‘A scrupulous writer, in every sentence he writes, will ask himself at least four questions, thus:
What am I trying to say?
What words will express it?
What image or idiom will make it clearer?
Is this image fresh enough to have an effect?
And he will probably ask himself two more:
Could I put it more shortly?
Have I said anything that is avoidably ugly?’
I’ve always preferred the list of six questions to the more finger-wagging six rules. They’re quieter but somehow more challenging, I think.
If you’ve never read Politics and the English Language in full, then a) shame on you; and b) now’s the time. Penguin have just published it in a 99p version. Buy several. Give them to friends, relatives, clients. Leave them in public places.
Word Experience is back, and we’re ready for your applications.
We’re looking for second-year undergraduates to come to our two-day Word Experience on 11th and 12th April 2013.
We’ll show you how you can make a career out of writing for business. There’ll be plenty of writing exercises, linguistic brainstorms and home-made pecha kuchas* to get your teeth into. And we might even get you working with us on a live project.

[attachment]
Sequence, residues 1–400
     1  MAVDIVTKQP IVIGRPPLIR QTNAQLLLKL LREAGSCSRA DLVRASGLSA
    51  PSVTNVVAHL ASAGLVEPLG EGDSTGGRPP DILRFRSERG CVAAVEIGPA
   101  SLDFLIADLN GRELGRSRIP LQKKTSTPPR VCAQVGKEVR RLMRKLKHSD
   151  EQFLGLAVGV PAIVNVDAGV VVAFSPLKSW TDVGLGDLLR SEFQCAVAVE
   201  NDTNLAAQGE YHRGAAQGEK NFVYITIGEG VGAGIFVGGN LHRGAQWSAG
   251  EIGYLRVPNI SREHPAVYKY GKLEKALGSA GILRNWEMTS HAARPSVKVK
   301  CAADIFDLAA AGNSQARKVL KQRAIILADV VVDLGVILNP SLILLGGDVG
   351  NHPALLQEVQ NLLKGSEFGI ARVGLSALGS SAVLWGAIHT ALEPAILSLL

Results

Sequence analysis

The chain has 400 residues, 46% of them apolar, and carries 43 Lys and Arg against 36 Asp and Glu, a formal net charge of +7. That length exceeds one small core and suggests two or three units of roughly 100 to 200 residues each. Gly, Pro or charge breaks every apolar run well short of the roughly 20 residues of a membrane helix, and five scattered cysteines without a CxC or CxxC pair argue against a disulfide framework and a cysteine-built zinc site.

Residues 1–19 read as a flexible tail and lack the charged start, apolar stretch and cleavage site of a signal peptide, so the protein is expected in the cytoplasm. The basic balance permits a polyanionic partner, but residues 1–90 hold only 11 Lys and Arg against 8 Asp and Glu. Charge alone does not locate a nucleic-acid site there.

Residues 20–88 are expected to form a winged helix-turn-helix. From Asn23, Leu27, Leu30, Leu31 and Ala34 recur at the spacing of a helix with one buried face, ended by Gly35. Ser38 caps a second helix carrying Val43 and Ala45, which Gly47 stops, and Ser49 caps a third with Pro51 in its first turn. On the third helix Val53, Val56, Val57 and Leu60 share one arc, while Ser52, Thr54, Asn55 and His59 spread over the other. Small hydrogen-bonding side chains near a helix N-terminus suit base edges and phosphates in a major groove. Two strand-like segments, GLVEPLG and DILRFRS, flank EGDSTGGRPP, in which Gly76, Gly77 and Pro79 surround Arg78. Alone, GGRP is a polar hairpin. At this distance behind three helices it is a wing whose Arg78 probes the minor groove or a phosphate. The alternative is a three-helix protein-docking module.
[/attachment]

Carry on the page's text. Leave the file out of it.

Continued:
(*Google has the answer.)
Keep reading if:
You already write for your course
Maybe you study English, journalism or creative writing. Or maybe you just write a lot of essays.
You write in your spare time too
You might write for your student paper, a blog, or fiction. It doesn’t matter as long as you write.
You’re a bit of a word geek
You have a tendency to get excited or properly riled up by all kinds of writing. From tube ads to tubes of toothpaste, Booker Prize winners to Charlie Brooker.
Yes that’s me. What do I need to do?
Send us 300 words telling us why we should pick you (and a way for us to get in touch with you) to firstname.lastname@example.org. Make sure ‘Word Experience’ and your name are in your subject line. And get it to us by 28th February 2013.